An original point of view on a double controversy which arose during the French Revolution: resistance to the citizenship of women, and a refusal to recognize women as artists. Read More
All women are citizens; some are also artists. Are female citizens and artists the equal of their male counterparts? Of course. Are they equally concerned by politics and art? Naturally.
But when the French Revolution ushered in the democratic era these statements were the source of debate and controversy: many men – who were in no way reactionary – argued at the time that women belonged at home with their families, not out in the city; that they were muses rather than creative geniuses. Two hundred years later, the same discussions continue. This book looks at the consequences of this key moment. It provides an account of the ongoing work which demonstrates this equality, in an 'exclusive democracy' in which everyone – and thus every woman – may theoretically be seen as an individual, a subject, a citizen, a creator.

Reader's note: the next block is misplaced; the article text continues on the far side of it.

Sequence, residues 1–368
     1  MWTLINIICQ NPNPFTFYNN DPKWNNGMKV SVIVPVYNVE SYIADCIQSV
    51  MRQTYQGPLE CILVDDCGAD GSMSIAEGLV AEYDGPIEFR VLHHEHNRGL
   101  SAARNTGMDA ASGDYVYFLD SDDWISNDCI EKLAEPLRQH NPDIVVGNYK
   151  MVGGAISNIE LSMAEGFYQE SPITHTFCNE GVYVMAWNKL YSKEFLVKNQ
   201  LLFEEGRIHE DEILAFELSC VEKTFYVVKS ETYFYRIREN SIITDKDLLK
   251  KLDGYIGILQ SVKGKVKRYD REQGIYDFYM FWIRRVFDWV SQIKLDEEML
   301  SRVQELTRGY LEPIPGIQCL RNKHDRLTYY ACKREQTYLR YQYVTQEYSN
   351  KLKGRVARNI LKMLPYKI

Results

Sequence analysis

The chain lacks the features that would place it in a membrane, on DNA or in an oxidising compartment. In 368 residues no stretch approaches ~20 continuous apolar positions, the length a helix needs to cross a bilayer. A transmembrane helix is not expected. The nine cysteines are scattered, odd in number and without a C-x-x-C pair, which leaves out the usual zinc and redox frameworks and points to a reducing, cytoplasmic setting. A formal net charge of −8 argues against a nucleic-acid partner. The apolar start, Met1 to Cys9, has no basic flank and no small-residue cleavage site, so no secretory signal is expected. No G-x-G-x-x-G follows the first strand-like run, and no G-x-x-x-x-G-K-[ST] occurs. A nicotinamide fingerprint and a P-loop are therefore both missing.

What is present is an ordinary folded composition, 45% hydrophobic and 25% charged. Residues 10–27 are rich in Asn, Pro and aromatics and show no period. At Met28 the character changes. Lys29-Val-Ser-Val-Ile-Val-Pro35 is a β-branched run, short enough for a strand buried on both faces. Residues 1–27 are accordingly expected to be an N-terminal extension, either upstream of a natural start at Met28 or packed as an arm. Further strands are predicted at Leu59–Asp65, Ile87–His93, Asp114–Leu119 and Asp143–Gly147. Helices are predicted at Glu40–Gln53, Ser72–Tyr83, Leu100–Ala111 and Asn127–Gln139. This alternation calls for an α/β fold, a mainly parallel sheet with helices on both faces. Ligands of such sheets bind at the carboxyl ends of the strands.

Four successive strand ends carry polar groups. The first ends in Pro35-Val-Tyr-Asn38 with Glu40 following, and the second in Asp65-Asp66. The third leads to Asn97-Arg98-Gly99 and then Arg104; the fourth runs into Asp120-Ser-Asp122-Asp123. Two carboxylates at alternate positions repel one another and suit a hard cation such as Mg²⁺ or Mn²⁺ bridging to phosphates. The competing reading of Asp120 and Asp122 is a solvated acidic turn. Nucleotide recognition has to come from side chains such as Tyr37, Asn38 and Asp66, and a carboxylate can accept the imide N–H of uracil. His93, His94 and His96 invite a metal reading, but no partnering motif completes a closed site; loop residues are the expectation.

From Poulain de la Barre, a seventeenth-century philosopher, to the contemporary thinker Jacques Rancière, and including Virginia Woolf and Simone de Beauvoir, the texts collected here demonstrate the extent to which these questions are crucial for modernity: questions of the right to artistic enjoyment, of subversive strategies, of how far women have been emancipated, and of feminism as disruption to Western tradition.